I’m inspired by the way she does business; she invested in a smart phone to handle orders in a more timely manner as well as use Instagram to create a wonderful account featuring Felton, the tiny felted sheep, who serves as a sort of mascot. The packaging is absolutely gorgeous; when you open up your parcel from them you can feel how much love and care goes into packing orders. In the time they’ve been in business, they’ve sent their beautiful, quirky handmade felt balls all over the world.

The first photo is our garland in the living room; I wanted something cheerful for the blank space over the photos, and it’s just the thing.

Megan sent me the long version of her story and how they got started. I was going to pull out pieces to share here but it’s so good I think you’ll want to read it, too, so her email to me is cut and pasted below. It’s got adventure, community, and women doing business. Thanks for sharing, Megan.

If you want to order your own Sheep Farm Felt wool ball garland, go here to order from their Etsy store, and use the code AMBER14 to get free shipping in the continental US from now until 31 January. Here’s Megan:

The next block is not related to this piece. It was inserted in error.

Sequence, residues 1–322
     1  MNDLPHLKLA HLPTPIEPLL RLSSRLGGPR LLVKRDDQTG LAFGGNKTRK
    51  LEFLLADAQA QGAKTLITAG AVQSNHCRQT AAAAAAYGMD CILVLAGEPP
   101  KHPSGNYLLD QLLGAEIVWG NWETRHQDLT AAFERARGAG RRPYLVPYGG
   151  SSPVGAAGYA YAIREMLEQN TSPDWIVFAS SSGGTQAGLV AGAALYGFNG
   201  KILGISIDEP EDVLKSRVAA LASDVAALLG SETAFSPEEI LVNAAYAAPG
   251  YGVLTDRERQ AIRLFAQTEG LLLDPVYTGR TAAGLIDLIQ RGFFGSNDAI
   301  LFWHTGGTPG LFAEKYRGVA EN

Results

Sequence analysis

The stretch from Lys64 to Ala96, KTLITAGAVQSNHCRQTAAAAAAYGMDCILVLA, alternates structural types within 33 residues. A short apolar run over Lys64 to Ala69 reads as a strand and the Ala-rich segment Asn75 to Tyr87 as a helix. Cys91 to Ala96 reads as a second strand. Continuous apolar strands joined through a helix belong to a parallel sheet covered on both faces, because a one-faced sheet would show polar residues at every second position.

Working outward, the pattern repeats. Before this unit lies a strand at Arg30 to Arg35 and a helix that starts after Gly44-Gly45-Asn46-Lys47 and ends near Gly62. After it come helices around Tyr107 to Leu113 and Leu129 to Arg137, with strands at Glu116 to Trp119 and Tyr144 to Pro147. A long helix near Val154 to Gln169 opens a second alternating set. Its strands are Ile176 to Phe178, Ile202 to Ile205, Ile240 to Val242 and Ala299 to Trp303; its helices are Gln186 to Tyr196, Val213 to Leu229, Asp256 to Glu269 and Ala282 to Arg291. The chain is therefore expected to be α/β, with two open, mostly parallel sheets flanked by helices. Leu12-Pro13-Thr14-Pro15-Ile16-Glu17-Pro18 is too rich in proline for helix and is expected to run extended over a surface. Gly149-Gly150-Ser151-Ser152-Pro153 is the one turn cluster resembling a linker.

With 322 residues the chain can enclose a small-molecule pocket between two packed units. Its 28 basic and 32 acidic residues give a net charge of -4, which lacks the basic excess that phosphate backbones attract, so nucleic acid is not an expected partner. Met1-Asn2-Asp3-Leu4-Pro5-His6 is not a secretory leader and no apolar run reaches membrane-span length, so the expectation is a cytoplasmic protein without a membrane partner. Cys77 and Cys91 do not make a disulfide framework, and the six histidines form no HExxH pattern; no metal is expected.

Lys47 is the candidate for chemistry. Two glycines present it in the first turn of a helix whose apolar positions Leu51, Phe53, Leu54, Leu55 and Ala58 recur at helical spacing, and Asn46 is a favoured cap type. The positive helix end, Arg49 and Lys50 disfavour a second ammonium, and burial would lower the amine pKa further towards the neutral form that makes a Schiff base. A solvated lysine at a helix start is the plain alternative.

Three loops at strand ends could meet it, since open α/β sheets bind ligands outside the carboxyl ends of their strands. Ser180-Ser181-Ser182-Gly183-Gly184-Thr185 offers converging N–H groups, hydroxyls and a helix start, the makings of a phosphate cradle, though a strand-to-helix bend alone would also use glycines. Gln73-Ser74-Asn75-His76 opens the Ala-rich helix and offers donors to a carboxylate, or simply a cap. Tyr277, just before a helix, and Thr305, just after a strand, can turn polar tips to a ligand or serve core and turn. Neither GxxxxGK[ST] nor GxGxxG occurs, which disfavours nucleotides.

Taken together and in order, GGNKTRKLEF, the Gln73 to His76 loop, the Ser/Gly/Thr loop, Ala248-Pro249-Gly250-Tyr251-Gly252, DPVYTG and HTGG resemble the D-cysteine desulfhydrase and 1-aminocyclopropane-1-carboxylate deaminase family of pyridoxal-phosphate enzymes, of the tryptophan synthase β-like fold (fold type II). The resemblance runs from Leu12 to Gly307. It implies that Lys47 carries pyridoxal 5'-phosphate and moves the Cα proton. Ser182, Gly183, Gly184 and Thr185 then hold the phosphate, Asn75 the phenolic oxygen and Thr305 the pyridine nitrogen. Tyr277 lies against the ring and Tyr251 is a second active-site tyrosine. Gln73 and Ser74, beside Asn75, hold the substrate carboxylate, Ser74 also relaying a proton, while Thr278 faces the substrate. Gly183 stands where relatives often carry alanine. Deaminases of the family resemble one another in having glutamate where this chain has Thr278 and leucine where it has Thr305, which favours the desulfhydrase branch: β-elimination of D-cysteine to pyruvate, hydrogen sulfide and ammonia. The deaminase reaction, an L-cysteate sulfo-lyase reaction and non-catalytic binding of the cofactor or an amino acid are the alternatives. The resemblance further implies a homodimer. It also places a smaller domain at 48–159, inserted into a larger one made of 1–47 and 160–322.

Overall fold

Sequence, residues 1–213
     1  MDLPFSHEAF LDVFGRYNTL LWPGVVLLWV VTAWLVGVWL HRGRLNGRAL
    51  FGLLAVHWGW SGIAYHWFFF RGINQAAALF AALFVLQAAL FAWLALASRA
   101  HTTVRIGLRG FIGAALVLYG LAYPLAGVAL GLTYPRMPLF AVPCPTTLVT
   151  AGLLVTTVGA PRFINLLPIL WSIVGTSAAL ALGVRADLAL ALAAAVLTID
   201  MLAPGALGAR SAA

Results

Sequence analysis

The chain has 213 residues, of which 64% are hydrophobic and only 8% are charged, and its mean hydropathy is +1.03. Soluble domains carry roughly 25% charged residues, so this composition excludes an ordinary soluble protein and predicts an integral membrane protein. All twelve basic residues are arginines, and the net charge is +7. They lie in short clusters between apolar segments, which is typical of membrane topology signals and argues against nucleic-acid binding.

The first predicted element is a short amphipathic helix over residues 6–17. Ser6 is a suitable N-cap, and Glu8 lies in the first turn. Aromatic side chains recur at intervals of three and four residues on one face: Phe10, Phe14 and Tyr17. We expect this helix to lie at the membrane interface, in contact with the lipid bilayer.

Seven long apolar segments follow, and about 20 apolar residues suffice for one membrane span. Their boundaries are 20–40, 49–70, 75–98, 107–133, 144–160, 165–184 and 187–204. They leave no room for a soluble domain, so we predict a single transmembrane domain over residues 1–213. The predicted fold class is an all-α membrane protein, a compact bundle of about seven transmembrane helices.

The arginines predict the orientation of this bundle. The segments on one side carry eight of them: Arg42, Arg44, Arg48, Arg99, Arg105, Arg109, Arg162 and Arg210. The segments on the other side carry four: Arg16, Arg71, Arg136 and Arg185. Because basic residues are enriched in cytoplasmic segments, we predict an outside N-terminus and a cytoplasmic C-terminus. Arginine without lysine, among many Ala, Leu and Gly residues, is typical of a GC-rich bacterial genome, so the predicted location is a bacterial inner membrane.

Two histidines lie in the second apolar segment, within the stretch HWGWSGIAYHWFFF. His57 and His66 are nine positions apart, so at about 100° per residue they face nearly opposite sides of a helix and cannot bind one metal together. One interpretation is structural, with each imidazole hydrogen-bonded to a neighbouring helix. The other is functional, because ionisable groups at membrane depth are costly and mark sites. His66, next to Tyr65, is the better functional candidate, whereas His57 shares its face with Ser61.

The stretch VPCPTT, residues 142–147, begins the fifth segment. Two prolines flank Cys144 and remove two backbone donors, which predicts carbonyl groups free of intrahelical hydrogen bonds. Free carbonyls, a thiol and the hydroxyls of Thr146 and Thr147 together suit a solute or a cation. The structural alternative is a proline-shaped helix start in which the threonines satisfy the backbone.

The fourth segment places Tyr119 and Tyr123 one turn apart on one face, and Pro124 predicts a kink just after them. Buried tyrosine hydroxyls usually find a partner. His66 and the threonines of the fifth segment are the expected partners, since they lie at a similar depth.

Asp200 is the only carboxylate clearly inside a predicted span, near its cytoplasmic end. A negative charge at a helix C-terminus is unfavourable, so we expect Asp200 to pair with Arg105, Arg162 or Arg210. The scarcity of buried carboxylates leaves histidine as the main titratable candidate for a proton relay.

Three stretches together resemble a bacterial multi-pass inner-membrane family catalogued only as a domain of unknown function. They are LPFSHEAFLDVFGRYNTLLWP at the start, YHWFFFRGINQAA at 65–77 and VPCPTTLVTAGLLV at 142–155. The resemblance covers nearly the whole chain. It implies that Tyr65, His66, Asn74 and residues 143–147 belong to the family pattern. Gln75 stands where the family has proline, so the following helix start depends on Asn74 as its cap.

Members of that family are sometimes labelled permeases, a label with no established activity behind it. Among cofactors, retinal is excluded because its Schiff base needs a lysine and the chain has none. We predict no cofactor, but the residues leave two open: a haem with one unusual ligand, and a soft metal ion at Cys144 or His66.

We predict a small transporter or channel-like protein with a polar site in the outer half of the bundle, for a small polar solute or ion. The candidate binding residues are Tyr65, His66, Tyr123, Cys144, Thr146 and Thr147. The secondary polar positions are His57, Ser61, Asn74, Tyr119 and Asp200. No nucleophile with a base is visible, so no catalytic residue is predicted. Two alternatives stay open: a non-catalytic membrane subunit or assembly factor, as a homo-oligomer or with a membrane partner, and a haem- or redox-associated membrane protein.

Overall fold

My parents met in a living Colonial history village, my mom-a weaver and spinner, my dad-a woodcarver.  After repeatedly fixing her loom (he was also the one sneaking in her shop early and breaking it), they fell in love, got married, and had 3 daughters.  (The middle one being the most adorable, of course.)

We lived in Port Republic, a small town in South Jersey where my dad is the mayor and where generations of my family have lived since the early 1600’s.  When my sisters and I were 2, 4, and 6, we had a house fire and lost everything we owned.

The town rallied together and bought us everything we needed to begin again- books, toys, winter coats, pots and pans, gift certificates to the grocery store- everything you can imagine.  Overwhelmed by the generosity of our town, my parents did the only thing they could think of to give back to the community they loved.  When our house was rebuilt, they added a classroom and opened up a folk art school so they could teach their skills to anyone who wanted to learn.